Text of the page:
Girard school building causes new round of headaches

Some of the students and teachers at Girard Intermediate School said the building was giving them headaches.
Several weeks ago, the building was closed for the remainder of the school year. But now it's giving administrators and school board members headaches of a different kind.
Last week it was learned that students attended classes in the building for several months during which there was no valid state occupancy permit.
Let us pause here to stipulate that the combination of problems that were the presumed cause of respiratory distress and other symptoms for the students and teachers are not likely to have been uncovered as part of the occupancy permit process. Indeed, a temporary permit was issued last September without uncovering any problems with the quality of air in the new building or the Prospect Elementary building to which it was connected.
Air quality issues aside, no public building, and certainly not a school building, should open its doors without an occupancy permit, which are meant to assure that buildings are structurally sound and safe.
The Division of Industrial Compliance of the Ohio Commerce Department issued a 90-day temporary occupancy permit for the building last fall. It expired Nov. 30, 2000.
What was missing: As we said, air quality was not at issue. What was at issue was the absence of dampers that are meant to keep fumes from being able to go from one room to another in the event of a fire. The state said dampers were needed; the school district had thought not. Also, sprinklers were installed, but weren't operational.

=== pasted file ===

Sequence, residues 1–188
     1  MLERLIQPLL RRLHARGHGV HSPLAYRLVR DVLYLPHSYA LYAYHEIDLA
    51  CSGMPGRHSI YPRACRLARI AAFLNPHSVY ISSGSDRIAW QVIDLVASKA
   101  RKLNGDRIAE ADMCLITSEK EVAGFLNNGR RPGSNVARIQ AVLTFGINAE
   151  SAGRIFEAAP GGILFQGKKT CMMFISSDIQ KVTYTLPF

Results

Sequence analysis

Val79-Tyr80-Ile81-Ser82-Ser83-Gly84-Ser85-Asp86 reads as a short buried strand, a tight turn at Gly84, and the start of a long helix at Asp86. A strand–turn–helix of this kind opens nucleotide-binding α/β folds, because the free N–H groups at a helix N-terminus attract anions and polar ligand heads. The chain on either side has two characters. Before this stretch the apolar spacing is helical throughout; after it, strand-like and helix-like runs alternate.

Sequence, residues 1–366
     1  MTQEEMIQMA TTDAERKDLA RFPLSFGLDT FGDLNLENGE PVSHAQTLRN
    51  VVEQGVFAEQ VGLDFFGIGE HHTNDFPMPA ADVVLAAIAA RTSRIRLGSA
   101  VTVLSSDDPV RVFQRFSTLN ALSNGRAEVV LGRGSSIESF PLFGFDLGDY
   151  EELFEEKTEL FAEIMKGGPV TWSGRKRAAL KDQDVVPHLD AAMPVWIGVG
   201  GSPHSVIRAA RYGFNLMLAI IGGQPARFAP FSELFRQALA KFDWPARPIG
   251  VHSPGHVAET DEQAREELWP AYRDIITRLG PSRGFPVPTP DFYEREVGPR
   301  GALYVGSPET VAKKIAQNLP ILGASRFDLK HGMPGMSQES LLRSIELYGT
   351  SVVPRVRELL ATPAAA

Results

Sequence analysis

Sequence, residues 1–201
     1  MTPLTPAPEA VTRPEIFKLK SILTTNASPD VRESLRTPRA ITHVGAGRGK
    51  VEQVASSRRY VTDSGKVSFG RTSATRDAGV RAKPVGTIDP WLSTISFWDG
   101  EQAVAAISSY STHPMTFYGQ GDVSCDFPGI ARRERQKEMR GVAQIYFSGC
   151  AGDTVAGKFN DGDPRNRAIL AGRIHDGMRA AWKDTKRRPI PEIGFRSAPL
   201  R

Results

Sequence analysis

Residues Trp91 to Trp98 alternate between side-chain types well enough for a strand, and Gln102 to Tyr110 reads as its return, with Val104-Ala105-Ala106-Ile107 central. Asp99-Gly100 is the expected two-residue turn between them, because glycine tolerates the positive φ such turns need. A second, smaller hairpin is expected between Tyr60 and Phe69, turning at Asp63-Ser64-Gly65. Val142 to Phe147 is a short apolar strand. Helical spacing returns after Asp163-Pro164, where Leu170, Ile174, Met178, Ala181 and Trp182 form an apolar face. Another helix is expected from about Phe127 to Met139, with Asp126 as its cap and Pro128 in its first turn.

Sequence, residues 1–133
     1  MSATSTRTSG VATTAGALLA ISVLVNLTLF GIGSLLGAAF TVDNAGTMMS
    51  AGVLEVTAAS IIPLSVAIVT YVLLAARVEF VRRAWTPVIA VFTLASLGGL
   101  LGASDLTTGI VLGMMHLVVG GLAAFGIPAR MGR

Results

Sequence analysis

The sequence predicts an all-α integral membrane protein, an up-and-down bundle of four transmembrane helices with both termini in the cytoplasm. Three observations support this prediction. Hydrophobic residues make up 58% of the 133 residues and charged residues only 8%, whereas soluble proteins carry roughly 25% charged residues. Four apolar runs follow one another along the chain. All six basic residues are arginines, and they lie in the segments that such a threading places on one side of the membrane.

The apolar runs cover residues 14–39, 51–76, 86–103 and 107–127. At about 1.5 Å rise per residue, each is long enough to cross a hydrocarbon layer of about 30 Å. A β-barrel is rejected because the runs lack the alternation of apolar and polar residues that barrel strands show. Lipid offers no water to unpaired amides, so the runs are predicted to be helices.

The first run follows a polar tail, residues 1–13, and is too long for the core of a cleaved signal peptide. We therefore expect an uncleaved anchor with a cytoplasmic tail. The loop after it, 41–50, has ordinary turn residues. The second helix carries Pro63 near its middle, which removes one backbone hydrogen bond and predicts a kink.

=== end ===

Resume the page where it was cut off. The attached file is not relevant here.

The state says it was incumbent on the school district to call its inspectors back when the work was competed. Perhaps, but it seems to us that the state should also be keeping track of temporary occupancy permits. When those permits expire, the state inspectors should make a second inspection -- no invitation is necessary.
If the work hasn't been done, the state should demand an explanation and take appropriate action -- padlocking the building in the case of extreme noncompliance.
What the lack of an occupancy permit tells the people of Girard is that its school officials were too eager to open a new building. Perhaps the original time table was too ambitious, perhaps there were construction problems. The bottom line is that corners were cut, and that is unacceptable.
The silver lining in this cloud is that Girard residents can be certain the state will demonstrate an unprecedented vigilance before it reissues an occupancy permit for the building. That's a sure thing, and it's a good thing.

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